Highly sought after by anglers due to their blazing fast speed, clocking in at 110 to 112 kph, their acrobatic jumps, and distinct dorsal fins, the Sailfish is a solid contender for top place in anyone’s fishing hit list. Let’s learn more about this wonderful species.
Speedsters of the Ocean
The sailfish (Isthiophorus platypterus) has one of the most distinct dorsal fins on any fish in the ocean. With a sail like dorsal fin that can be taller than the length of their bodies, it is hard to mistake this fish for any other.
Categorized as a bill fish due to their long upper jaw, these speedy predators, with the wahoo are arguably the fastest fish in the sea. They use their bills as a spear to strike and stun their prey before devouring them.
Usually seen feeding on the surface, they provide anglers with a highly visual hit and offer them an acrobatic battle with insane jumps while trying to get rid of the hook. A true spectacle to the eyes of the anglers who get them hooked.
Sails are a fast growing fish that can reach weights up to 100kg or 3.3m in length and as a result of their speedy growth and redline lifestyle, they only average 4 – 5 years of life.
Sails are truly great sportfish. Apart from the awesome hits and battles, they have little value in the commercial fishing industry, compared to tuna, marlin and other pelagics, allowing them to have stable numbers worldwide.
Where to Find Them
Sailfish are distributed throughout temperate and tropical waters worldwide. With some of the best game-fishing coastlines in the world, offering volcanic walls, drop-offs and pinnacles, Vanuatu houses a healthy population of sailfish among other hard pulling pelagic predators.
The Ocean Blue team has gained decades of experience in finding and hooking up to these beautiful pelagic predators, allowing you to fish with utmost confidence without worrying about anything else.
Frequent locales vary depending on the underwater structure present in certain locations, but schools of sailfish will visit the same spots where bait usually group in schools. A perfect example would be in Kuala Rompin, Malaysia, where the bay is a breeding ground for the local anchovy population.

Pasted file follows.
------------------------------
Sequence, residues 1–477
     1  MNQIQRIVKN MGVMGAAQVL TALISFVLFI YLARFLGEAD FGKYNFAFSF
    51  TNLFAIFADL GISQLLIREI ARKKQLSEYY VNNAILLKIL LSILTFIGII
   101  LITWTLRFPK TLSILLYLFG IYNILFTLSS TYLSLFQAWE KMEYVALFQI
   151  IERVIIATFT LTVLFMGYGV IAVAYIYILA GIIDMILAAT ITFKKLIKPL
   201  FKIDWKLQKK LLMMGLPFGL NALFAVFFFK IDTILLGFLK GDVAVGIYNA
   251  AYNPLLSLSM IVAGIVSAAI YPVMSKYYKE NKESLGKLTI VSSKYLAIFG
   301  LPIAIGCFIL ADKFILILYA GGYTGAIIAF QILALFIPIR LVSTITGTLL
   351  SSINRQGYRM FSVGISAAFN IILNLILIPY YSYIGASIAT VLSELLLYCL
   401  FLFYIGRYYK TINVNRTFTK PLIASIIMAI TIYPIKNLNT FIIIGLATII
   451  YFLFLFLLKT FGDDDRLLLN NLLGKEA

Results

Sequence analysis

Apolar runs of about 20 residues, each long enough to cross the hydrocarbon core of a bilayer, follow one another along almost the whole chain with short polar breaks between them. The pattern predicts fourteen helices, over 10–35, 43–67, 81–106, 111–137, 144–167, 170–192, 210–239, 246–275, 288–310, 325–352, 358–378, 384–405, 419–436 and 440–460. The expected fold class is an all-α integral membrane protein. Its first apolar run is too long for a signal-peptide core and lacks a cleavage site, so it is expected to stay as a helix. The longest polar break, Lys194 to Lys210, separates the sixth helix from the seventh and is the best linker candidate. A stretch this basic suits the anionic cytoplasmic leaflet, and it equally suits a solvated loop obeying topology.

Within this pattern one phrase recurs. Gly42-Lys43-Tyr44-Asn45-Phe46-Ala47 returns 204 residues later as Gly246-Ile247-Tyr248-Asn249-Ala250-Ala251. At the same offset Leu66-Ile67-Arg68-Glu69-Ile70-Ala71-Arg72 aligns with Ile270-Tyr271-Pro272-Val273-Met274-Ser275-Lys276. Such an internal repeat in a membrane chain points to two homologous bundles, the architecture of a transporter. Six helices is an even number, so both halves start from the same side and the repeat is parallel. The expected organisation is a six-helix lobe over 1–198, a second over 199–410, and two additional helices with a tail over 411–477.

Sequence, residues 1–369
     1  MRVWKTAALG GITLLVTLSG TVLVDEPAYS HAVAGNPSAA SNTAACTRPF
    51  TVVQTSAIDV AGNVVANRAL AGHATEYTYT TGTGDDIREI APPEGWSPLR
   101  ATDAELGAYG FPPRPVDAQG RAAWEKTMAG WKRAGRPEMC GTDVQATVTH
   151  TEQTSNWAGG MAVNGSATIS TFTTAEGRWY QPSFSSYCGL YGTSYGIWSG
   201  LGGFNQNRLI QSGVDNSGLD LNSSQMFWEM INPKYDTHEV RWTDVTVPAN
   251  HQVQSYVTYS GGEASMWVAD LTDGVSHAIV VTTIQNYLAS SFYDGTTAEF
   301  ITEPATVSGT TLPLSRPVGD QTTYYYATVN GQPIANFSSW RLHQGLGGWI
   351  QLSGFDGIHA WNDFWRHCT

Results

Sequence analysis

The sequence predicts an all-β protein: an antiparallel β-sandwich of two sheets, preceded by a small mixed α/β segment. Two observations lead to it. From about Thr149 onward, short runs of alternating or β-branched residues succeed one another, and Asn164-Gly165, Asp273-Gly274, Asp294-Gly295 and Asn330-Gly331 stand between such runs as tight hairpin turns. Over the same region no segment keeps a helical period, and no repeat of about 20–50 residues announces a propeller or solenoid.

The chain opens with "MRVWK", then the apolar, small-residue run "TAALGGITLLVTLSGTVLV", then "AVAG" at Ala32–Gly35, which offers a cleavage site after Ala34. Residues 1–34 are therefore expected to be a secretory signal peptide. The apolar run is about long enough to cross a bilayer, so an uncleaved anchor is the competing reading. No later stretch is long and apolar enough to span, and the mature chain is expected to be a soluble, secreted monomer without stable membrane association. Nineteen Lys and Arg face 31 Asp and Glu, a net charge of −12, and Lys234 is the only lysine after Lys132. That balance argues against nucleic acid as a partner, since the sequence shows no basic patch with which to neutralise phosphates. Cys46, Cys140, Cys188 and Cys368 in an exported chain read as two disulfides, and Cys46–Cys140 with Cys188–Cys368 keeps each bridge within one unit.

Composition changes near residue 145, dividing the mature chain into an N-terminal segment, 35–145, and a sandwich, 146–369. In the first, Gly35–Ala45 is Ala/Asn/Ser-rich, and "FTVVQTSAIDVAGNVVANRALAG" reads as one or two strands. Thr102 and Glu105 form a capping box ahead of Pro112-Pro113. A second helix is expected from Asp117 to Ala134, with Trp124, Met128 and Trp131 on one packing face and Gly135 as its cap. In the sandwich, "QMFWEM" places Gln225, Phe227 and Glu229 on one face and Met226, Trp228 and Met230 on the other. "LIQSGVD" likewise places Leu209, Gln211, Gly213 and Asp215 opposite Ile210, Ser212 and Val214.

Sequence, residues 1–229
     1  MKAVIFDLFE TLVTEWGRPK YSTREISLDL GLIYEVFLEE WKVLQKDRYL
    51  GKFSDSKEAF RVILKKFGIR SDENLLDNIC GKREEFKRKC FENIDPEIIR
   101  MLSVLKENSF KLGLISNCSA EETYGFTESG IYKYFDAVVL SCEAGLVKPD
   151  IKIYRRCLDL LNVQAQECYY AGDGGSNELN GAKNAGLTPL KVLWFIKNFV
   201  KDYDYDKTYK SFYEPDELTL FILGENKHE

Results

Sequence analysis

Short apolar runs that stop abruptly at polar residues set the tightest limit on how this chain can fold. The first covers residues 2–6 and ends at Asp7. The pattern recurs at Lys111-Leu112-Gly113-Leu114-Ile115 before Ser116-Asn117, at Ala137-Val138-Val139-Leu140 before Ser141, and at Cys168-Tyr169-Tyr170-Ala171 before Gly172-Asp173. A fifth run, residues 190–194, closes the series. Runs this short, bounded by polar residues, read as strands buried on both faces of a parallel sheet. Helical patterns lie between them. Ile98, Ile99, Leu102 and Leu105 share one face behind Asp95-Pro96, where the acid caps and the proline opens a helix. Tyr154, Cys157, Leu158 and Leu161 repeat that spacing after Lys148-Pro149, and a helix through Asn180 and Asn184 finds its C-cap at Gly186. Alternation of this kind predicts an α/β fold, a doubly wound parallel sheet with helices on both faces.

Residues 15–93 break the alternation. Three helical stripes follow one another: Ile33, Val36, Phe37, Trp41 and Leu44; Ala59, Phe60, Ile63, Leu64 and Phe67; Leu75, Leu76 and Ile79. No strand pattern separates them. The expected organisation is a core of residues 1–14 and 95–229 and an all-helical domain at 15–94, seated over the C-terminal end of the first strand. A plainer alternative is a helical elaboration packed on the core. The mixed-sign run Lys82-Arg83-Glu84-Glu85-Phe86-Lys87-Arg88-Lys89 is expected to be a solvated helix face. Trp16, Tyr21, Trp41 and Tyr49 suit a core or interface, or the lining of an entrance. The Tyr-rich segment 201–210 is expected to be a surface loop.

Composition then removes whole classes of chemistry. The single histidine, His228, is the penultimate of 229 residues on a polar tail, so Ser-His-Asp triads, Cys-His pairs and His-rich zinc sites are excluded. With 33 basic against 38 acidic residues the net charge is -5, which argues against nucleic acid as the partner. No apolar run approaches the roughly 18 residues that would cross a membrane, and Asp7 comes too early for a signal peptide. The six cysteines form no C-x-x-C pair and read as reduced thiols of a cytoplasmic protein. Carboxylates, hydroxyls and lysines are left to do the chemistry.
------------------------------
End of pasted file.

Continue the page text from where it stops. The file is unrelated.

There are no specific locations to pinpoint when chasing sailfish as they are highly pelagic and move frequently to find food. A general rule to follow is to locate bait schools. Looking for diving birds are one way to locate bait schools and may hold sails as well as other feeding predators.
Sailfish Fishing Techniques
The most popular method of hooking up to sailfish is the bait and switch technique. The crew deploys a spread of teasers ranging from daisy chains, flashers, plugs and baited skirts to help tease up the targeted fish.
Teasers imitate a school of bait and the surface commotion caused by the spread of teasers attract not only sailfish but even other saltwater predators that may be around the area.
The angler will have a live bait or fresh bait rigged on a separate live bait outfit ready to go. The captain or skipper are the “eyes” of the boat and the angler will be the “hands” so stay ready and wait for the skippers’ instruction.
Once the skipper gives the go signal, drop your live bait back until the captain instructs you to stop. It is recommended to leave your reel in free spool and use your thumb to stop the line from running out. You will see the fish take your bait or swipe at it with their bills a few times and the line will naturally run out from under your thumb.
A 3 – 5 second wait before engaging the clutch of the reel and tightening your line will produce more successful hooksets as the delay allows the sailfish to engulf the bait fully in its mouth. Remember that sails hit prey with their bills first before devouring them.
In certain locations such as Malaysia, they are so dense in number that rarely are there days where you don’t see several free-swimming schools of sails breaking the surface. These locations allow anglers to utilize their favorite topwater fishing techniques using poppers and stickbaits.
Fly anglers get their sailfish fix in Malaysia too as sight fishing is in abundance and teasing them close to the boats with topwater plugs are another highly practiced technique over there.